Texas State pioneered the use of AR and VR technologies for law enforcement, first responders, and the construction industry. But although our training continues to be critiqued and updated, there remains a gap in current training efforts to prepare first responders to address large-scale catastrophes like Hurricane Harvey. 

Funding is requested to revise the curriculum used in our Virtual Reality Technology Lab expressly for high-risk large-scale situations. We will create training that will help individuals with cue recognition, situational awareness, improved decision-making, and cognitive readiness. 

We will undertake VR environment development and evaluation for use by clients like the City of Austin whose cadets and first responders are trained on the curriculum including with Texas State's revolutionary AmBus (a bus-sized ambulance) for large-scale triage.

The Spring Lake VR Experience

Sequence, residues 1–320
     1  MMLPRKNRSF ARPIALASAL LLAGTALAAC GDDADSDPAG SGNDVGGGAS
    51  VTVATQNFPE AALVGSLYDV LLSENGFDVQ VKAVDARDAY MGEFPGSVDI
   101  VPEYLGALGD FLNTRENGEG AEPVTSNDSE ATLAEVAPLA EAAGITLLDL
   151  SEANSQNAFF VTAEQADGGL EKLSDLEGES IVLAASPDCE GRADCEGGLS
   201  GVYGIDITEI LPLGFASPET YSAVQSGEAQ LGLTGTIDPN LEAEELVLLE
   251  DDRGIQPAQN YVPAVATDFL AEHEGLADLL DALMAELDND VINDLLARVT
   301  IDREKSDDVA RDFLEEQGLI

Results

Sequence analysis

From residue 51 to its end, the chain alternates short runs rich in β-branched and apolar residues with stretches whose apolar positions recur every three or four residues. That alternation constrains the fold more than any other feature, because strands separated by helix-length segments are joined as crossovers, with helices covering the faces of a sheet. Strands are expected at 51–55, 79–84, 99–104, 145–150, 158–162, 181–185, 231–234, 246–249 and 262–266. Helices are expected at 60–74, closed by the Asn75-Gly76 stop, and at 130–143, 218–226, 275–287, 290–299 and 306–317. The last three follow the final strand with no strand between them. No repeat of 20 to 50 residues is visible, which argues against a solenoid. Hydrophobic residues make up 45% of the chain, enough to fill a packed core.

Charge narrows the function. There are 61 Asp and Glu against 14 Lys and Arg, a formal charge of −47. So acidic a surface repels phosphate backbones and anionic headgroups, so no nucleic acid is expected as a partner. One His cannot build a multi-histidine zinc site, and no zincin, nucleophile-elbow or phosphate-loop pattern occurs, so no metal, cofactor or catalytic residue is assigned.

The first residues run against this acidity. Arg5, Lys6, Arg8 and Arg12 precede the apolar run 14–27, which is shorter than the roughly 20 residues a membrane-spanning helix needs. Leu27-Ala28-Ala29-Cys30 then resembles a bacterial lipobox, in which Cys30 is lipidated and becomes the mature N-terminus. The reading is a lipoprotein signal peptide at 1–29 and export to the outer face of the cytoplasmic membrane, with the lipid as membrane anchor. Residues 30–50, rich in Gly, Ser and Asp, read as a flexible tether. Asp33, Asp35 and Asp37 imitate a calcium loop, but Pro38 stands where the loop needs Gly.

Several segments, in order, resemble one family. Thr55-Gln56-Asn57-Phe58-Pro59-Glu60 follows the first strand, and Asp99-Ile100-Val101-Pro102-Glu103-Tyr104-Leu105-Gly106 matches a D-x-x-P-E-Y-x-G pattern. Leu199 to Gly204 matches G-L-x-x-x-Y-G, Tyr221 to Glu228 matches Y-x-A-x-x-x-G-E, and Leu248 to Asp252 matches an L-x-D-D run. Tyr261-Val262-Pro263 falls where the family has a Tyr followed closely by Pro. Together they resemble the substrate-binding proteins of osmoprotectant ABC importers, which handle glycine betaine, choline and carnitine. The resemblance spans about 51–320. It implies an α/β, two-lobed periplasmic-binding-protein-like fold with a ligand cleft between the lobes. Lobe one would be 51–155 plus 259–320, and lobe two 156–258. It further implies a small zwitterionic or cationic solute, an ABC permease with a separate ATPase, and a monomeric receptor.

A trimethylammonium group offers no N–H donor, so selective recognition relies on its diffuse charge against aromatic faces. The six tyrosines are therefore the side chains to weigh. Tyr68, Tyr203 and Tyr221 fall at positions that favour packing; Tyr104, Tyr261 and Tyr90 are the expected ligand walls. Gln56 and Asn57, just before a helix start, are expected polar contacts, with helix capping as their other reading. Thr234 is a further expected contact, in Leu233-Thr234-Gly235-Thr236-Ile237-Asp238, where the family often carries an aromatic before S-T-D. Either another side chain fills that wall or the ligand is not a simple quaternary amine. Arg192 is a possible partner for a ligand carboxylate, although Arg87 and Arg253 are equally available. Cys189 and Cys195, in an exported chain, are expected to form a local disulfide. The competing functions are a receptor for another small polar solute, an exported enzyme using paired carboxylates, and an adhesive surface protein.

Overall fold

Piloting Virtual Reality in K-12 Classrooms

The pandemic has highlighted the need for remote content including virtual reality (VR) content, but only 5% of K.-12 classes currently use this technology. It is critical that newly emerging VR curricula be positioned in a body of research fully supportive of student comprehension. 

The project will create an immersive underwater VR learning experience of the Spring Lake ecosystem, test the critical design features of the experience that support educational outcomes for K-12 students, and generate research-based design principles for implementing VR learning experiences within environmental education.

Funding will construct a professional-grade version of the Spring Lake VR experience, develop a curriculum around it to promote student learning and implement the curriculum with K-12 students and public visitors to The Meadows Center.

Teacher in classroom using virtual reality
Student using VR for Math

Overcoming Math Hesitancy

Using AR/VR Training

Many students avoid pursuing STEM degrees because of a lack of success with math, while campuswide around half of the students navigating precalculus math either fail or withdraw.